This application is for revision of the study aims of R01 NR 014479-02 Microbiome and Pain in IBS (Parent Grant) to include a focus on the additional measure of fecal metabolome. Irritable bowel syndrome (IBS) affects 10-20% of adults worldwide exerting a tremendous economic, social, and emotional burden. We are studying biomarkers (gut microbiota and permeability, serum immune markers, and targeted genetic polymorphisms [Parent Grant] and in this revised aim fecal tryptophan (TRY) metabolites and bile acids (BA) that likely characterize subsets of adults with IBS. This revised aim is innovative because we will add metabolomics analyses to other clinical and microbiota analyses to characterize pathobiologically what heretofore has been primarily a phenotypically-defined condition. Building on prior serum studies we will conduct targeted fecal metabolomics analyses focused on those TRY metabolites. We are currently conducting the following 3 aims of the Parent Study.
Aim 1. Compare stool GI microbiota composition, GI permeability, and pro- and antiinflammatory cytokines (GI biomarkers) in adults (18-45 yr of age) with IBS (n=100) versus (vs) Healthy Controls (HC) (n=50) without IBS.
Aim 2. Among individuals with IBS, compare abdominal pain, other IBS symptoms and psychological distress symptoms in those with abnormal vs. normal GI biomarkers. The HC group results will be used to determine normal ranges for permeability, cytokines, and cluster analyses will be used to identify IBS subtypes based on type of microbiota community.
Aim 3. Explore patterns of associations among GI biomarkers (permeability, cytokines, microbiota); and associations of GI biomarkers with abdominal pain, other IBS symptoms, stress, psychological distress, genetic polymorphisms (SERT, IL-10, IL-10R). The goal is to identify IBS subgroups based on combinations of biomarkers and clinical phenotypes, which could potentially correspond to different etiologies. Cluster analyses will be applied to microbiota data to identify subtypes with different microbiota profiles. Revised Aim 4: Explore fecal TRP metabolites and BAs, preliminarily compare IBS and HCs and examine patterns of association similar to that described in Aim 3 for microbiome.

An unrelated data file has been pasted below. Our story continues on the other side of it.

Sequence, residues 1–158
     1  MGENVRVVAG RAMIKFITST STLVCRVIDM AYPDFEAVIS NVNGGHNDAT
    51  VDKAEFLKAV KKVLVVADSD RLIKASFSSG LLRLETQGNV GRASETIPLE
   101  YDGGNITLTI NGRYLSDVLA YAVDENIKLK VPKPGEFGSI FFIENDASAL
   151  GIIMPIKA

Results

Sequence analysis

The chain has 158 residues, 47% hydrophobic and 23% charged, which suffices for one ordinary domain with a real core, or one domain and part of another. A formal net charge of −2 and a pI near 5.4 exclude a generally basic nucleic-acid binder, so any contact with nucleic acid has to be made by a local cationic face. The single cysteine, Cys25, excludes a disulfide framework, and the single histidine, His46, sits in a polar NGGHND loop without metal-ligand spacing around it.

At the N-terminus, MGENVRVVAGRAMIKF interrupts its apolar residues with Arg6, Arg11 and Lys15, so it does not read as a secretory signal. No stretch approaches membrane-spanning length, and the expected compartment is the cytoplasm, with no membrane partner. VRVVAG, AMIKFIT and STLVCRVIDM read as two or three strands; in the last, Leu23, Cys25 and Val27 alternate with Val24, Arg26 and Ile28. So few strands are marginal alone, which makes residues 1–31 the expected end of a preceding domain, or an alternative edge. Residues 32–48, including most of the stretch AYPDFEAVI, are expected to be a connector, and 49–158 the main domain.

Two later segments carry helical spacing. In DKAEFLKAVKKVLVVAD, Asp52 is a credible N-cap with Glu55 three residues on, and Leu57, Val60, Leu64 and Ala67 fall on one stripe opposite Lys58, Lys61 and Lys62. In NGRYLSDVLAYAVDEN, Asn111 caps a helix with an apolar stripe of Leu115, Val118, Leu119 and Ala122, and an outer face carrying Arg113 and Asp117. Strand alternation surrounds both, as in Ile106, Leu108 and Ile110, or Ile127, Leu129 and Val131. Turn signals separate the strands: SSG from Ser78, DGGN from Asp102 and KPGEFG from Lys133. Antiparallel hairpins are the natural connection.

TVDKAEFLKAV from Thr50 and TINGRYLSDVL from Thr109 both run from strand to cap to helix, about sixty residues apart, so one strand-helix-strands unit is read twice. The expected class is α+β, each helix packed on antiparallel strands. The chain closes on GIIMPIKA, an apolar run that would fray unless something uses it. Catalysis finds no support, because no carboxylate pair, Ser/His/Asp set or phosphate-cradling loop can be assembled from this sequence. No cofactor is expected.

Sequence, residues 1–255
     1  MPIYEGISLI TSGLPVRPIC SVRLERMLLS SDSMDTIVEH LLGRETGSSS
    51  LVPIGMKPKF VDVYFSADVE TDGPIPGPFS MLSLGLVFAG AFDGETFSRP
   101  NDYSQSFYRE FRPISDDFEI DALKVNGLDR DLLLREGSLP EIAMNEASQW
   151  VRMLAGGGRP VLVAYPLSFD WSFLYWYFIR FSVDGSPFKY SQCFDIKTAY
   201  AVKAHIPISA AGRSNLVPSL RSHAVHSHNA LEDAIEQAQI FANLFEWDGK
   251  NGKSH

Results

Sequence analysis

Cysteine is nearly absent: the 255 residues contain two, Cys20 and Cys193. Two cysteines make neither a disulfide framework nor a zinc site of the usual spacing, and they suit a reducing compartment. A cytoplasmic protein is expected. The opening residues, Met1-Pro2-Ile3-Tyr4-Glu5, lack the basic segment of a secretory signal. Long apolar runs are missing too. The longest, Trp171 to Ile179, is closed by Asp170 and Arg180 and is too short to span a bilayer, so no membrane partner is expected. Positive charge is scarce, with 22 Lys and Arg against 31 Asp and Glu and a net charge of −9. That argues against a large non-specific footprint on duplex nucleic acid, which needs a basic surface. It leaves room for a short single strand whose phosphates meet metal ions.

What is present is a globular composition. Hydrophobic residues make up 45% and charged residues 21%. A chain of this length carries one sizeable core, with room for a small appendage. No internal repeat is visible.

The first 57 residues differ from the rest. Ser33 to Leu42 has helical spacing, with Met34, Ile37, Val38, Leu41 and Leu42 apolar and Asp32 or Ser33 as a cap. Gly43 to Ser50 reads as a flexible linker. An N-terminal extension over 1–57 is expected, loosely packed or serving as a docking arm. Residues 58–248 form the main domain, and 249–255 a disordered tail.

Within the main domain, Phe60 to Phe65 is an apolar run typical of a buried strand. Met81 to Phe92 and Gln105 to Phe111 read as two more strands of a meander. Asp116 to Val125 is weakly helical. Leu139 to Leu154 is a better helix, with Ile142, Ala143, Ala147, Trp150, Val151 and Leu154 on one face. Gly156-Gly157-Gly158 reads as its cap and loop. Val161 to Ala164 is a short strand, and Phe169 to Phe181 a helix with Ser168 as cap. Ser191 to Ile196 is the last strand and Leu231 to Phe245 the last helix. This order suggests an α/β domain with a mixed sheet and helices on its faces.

Aims 3 & 4 are exploratory and any proposed subtypes will need validation in an independent sample. Our proposal addresses NINR goals including developing new diagnostic tools and predictive biomarkers, encouraging risk taking, innovation, and creativity, to address a healthcare cost (costs are 57% greater for IBS). The proposed revision is important because providers are challenged given the pathobiology of IBS is poorly defined and treatments are not universally effective. Future studies could target management with abnormal biomarkers differently from those with no biomarker abnormalities but greater psychological distress.

Public Health Relevance

Irritable bowel syndrome (IBS) affects 10-20% of adults worldwide and is a tremendous economic, social, and emotional burden for patients and a challenge for healthcare providers. Our proposed study is important because the pathobiology is poorly defined and tailored treatments are limited. Future studies are needed to identify how patients with abnormal biomarkers differ from those with normal biomarkers and to identify how patients with normal biomarkers but significant psychosocial distress differ from those without psychosocial distress in order to identify treatment options (e.g., probiotics vs cognitive behavioral therapy, respectively).

National Institute of Health (NIH)
National Institute of Nursing Research (NINR)
Research Project (R01)
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Special Emphasis Panel (ZRG1)
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Tully, Lois
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University of Washington
Other Health Professions
Schools of Nursing
United States
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